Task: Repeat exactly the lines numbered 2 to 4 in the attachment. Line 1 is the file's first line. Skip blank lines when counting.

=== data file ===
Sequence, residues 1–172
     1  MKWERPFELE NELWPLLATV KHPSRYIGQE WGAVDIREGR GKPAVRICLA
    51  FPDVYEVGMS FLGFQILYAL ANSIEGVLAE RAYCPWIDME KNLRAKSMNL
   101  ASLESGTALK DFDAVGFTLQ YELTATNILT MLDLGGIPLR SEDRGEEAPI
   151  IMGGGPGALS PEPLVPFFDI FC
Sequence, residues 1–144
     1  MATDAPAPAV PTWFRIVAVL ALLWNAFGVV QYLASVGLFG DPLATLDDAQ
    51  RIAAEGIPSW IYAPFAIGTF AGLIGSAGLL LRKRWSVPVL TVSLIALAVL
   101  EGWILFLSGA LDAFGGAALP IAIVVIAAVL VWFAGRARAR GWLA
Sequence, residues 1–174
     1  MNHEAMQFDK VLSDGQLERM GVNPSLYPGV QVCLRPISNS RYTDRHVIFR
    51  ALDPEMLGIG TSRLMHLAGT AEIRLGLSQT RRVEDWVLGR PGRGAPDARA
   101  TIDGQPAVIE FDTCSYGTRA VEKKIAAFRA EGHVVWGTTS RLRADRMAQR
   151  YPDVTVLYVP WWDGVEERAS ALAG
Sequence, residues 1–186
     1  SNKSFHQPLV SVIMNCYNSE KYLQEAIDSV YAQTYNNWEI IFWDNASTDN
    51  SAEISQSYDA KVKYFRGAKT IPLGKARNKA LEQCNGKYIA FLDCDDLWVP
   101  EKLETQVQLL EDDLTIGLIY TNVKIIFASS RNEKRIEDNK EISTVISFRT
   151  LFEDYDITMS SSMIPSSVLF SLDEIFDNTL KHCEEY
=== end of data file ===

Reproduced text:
     1  MKWERPFELE NELWPLLATV KHPSRYIGQE WGAVDIREGR GKPAVRICLA
    51  FPDVYEVGMS FLGFQILYAL ANSIEGVLAE RAYCPWIDME KNLRAKSMNL
   101  ASLESGTALK DFDAVGFTLQ YELTATNILT MLDLGGIPLR SEDRGEEAPI